Look, I have to be honest, this is getting silly now.
On evictions during the now commenced lockdown, the Lord Chancellor, Robert Buckland QC, has once again written a letter to the High Court Enforcement Officers Association (and one has to presume written in similar terms to county court bailiff bodies). Here is the letter.
On the one hand, this is an expected extension of the ‘Tier 2 and 3’ restriction on evictions to the whole of England during the lockdown.
On the other hand, this is a complete farce.
I previously noted the, shall we say, questionable legal status of an ‘eviction ban’ accomplished by a ‘request’ of the Lord Chancellor to the bailiffs’ organisations. This is now a ‘request’ which asks the bailiffs’ organisations to make exceptions for trespasser, ASB, fraud and ‘unoccupied after tenant death’ cases – heaven knows how the bailiffs are to know the ground of possession, as a warrant is based on a possession order which may well not specify the precise ground on which it was made.
And then there is the statement that the Lord Chancellor “will shortly introduce an exemption for cases with extreme pre-covid rent arrears”. Is this also to be done by a letter?
If the rationale for any suspension of evictions is that it is really not a good idea to be evicting people in the middle of a pandemic, then any exemptions don’t make sense. It is not as if the public health rationale is affected by the reason for eviction. People with pre-covid rent arrears don’t face or cause any less of a public health issue on eviction than anyone else. The coronavirus doesn’t rely on references.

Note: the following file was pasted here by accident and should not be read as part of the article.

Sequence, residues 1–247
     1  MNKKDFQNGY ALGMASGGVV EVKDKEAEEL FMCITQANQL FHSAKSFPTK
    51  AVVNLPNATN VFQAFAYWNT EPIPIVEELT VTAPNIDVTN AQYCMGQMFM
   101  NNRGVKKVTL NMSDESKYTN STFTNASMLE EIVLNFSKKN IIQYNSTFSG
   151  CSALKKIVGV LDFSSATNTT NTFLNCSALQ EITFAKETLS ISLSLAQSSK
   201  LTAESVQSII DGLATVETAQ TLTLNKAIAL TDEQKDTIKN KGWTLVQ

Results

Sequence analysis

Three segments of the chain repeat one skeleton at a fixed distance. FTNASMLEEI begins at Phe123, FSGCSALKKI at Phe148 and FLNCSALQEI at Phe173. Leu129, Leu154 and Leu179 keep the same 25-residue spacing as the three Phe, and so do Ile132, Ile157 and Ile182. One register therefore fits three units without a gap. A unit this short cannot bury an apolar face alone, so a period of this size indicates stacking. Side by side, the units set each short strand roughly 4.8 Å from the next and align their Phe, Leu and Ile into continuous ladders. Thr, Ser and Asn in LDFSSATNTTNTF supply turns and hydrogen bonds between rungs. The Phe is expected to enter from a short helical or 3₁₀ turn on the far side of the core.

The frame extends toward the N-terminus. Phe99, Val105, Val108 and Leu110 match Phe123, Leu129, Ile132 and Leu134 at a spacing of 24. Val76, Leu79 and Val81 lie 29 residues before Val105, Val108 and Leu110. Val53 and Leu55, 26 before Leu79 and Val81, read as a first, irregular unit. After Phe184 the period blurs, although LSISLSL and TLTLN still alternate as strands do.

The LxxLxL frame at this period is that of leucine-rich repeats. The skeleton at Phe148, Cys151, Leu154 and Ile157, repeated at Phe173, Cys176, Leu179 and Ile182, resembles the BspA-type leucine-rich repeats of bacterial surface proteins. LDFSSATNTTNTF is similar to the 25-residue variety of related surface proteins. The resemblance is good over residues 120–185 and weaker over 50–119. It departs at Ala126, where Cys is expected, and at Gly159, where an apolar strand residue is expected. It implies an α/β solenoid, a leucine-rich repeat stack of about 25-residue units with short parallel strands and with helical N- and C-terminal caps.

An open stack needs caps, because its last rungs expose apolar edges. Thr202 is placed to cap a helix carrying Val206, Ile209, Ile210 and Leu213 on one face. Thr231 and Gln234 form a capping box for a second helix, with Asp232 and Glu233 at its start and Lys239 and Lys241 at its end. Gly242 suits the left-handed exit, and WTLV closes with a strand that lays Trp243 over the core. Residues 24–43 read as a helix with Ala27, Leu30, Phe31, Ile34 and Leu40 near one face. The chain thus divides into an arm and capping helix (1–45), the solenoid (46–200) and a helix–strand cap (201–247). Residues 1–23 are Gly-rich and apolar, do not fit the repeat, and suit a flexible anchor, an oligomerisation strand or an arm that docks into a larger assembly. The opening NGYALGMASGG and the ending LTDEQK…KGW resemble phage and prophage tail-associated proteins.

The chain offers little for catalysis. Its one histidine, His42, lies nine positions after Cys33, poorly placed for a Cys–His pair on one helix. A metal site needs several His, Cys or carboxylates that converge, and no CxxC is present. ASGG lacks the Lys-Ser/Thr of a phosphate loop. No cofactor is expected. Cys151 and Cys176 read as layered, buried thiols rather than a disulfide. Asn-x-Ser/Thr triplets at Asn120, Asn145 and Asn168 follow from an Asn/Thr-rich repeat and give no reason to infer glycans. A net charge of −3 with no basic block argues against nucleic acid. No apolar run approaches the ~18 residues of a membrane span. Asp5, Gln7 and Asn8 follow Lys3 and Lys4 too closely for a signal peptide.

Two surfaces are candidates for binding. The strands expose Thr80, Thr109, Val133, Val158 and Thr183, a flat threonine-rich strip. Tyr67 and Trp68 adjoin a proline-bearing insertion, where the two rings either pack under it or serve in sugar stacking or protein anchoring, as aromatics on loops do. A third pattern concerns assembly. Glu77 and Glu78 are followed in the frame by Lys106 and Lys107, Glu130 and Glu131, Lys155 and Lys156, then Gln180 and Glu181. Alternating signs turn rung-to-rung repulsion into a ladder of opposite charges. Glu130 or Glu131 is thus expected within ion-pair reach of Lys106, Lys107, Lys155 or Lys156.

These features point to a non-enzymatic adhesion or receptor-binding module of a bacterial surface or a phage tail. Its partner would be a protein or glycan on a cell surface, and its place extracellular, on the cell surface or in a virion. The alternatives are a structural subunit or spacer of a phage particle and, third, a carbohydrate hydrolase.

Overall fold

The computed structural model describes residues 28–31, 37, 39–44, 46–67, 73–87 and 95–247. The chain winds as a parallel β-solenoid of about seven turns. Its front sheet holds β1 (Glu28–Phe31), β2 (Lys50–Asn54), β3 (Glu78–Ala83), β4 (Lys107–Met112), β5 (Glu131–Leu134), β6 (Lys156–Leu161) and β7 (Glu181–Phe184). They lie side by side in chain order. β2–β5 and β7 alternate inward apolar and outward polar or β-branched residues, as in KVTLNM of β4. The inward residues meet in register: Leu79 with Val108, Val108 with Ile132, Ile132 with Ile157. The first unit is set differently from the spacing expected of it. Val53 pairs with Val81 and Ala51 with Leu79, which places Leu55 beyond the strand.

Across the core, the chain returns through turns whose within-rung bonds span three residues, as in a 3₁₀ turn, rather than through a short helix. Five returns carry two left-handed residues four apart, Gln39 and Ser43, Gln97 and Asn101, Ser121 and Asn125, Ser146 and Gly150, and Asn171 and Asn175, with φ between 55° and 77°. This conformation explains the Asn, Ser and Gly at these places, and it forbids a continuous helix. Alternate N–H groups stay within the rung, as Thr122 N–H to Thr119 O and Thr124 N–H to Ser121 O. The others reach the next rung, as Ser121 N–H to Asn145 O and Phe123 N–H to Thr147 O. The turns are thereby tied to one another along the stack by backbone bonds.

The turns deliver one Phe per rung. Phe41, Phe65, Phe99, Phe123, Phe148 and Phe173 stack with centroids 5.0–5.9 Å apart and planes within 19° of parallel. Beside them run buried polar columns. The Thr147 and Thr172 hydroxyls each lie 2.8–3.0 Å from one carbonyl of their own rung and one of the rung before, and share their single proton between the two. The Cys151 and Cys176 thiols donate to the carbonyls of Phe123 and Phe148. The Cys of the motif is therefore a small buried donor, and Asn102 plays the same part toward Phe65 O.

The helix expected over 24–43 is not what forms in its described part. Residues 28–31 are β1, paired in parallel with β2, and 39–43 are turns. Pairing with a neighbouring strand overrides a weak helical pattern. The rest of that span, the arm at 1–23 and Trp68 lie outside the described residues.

But the reason I think this is particularly iffy and indeed dim, in that previously, it was only from a landlord position that any legal challenge to the legality of the Lord Chancellor’s suspension of evictions by letter was likely to come. See for example, this from David Smith, observing (quite correctly, I think):
The problem with the Government’s approach is that it is almost certainly unlawful. It is not open to Bailiffs or HCEOs to simply decline to enforce warrants and writs, even if the Lord Chancellor asks them to do so. They have a duty to do this. Indeed, there is a power to complain to the County Court, in the County Courts Act, about losses resulting from Bailiffs not enforcing warrants.
So far, no landlord challenge has been brought. It may be that the NRLA has parlayed the threat of one into ‘encouraging’ the Lord Chancellor making exceptions. But just as the Lord Chancellor cannot lawfully suspend evictions by a request, neither can the Lord Chancellor lawfully carve out exceptions to his request, on a personal whim, and that might give rise to other challenges.
It has, as I say, got silly. Evictions, or the lack of them, who gets evicted and who doesn’t, are not at the whim and fiat of the Lord Chancellor. This needs to be put on a statutory footing immediately. I don’t know a single housing lawyer, no matter who they act for, who thinks this is lawful.